apache tears

The tears of Apache wives 

               wept deep into the mountainside,

 

Plenty enough to fill 

               the white boys’ tin buckets –

 

               plunk, plunk, plunk.

 

Hold a stone teardrop in your palm 

               and you never have to weep again,

 

It does all the weeping for you, 

               legend has it.

 

Real bones at the base of the cliff,

               warriors too proud to die indignantly, 

 

Now forgotten relics picked over

               in the afterlife, 

 

Unnamed gravestones of shadowy translucence 

               caught between eye and sun, 

 

Incur happiness in the innocence 

               of not knowing. 

 

The tears’ only inclusions,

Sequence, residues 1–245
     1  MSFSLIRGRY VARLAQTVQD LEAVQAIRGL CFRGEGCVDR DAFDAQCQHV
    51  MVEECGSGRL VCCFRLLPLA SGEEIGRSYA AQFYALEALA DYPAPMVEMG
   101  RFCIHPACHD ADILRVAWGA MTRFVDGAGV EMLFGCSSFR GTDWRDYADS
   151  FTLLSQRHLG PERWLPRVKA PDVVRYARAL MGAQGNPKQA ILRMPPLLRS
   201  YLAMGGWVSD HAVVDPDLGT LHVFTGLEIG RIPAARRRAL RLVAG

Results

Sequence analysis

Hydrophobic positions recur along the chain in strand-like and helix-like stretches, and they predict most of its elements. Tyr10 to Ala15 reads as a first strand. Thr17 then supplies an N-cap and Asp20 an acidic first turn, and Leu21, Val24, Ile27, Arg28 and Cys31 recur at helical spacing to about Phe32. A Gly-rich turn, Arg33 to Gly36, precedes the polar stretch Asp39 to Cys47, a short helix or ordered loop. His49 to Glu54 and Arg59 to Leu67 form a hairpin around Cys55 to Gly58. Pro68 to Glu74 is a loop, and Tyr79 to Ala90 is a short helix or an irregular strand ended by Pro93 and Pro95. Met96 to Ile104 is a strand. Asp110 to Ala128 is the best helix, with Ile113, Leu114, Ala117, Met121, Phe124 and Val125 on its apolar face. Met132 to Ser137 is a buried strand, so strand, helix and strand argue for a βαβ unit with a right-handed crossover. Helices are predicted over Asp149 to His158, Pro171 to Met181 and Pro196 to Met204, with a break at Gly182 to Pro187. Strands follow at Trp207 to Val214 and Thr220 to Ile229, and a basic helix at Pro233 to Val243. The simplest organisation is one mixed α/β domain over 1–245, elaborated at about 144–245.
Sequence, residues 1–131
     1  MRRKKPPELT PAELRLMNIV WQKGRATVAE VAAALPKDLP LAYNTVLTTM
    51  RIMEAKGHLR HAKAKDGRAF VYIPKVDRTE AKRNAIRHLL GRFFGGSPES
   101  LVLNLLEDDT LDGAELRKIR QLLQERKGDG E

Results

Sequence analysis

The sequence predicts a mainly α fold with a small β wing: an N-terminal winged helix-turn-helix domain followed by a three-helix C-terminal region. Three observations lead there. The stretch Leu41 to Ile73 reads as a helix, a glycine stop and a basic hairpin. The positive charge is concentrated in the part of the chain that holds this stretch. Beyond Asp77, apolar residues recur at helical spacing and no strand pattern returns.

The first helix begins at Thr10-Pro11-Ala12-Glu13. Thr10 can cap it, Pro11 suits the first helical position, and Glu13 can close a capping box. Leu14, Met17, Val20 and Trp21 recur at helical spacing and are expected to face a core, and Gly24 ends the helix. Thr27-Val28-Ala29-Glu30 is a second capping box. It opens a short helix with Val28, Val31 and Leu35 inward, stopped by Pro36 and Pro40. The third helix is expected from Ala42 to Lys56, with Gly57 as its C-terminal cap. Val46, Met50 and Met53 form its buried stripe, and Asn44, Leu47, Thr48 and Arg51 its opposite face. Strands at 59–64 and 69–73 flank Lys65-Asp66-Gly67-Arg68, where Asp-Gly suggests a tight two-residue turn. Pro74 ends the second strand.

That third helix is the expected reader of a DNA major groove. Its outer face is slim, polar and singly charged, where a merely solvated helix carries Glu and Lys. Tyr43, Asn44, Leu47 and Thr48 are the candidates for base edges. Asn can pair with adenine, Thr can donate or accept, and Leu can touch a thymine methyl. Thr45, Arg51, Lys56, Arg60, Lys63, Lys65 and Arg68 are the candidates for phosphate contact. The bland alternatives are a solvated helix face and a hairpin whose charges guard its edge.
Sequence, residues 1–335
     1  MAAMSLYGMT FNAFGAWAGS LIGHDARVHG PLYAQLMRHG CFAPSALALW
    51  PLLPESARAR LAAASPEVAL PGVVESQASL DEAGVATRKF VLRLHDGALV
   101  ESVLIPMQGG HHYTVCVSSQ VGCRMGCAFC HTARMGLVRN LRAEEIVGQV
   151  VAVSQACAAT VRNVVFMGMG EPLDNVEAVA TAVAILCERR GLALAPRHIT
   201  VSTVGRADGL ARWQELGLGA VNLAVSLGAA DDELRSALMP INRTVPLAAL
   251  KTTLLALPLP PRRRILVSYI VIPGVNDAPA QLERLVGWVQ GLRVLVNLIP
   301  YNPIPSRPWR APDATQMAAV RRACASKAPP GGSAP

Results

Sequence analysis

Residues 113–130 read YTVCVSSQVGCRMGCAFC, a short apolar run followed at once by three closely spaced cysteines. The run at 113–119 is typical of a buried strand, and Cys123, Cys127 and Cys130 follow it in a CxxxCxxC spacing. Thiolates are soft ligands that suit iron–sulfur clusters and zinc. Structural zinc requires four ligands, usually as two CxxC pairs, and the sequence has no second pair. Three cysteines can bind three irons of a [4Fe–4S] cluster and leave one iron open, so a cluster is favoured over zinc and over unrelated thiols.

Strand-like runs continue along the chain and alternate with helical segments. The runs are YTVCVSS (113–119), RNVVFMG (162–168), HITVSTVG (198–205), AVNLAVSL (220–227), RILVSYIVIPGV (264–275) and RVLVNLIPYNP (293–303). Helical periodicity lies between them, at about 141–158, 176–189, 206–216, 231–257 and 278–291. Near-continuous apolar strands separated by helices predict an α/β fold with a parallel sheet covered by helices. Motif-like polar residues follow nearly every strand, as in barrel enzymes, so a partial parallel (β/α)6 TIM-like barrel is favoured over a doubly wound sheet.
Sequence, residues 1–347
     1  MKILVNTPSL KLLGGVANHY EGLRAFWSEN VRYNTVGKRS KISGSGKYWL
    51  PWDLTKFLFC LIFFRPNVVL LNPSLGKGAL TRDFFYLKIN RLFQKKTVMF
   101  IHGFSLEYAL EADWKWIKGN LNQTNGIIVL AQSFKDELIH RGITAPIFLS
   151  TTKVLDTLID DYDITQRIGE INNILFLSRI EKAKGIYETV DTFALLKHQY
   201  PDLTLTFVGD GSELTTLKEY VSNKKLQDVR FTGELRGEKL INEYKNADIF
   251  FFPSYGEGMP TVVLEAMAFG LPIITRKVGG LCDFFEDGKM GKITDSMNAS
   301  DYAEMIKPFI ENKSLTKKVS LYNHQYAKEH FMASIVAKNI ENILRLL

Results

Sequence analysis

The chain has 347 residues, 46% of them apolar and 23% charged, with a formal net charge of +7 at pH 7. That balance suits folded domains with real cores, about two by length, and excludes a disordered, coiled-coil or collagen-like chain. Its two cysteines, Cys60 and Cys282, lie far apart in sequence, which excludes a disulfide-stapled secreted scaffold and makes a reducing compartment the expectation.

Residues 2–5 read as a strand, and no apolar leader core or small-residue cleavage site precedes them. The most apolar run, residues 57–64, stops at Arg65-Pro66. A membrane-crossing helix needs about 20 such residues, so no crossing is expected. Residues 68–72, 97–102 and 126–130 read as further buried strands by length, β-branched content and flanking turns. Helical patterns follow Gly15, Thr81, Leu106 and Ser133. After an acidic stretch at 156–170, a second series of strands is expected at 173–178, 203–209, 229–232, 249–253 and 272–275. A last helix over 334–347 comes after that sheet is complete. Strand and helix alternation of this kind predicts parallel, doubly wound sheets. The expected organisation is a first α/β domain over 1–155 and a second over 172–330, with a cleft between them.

mourning, imperfections 

 

Rock tumblers and history books 

               can easily spin a shine on – 

 

               plunk, plunk, plunk.

Jason Hackett is a small business owner, father of four and sleep deprived. His poems can be found in The Journal of American Poetry, Slippery Elm Literary Journal, Scarlet Leaf Review, Cholla Needles, Crack the Spine, Mental Papercuts, Blue River Review and Sky Island Journal.

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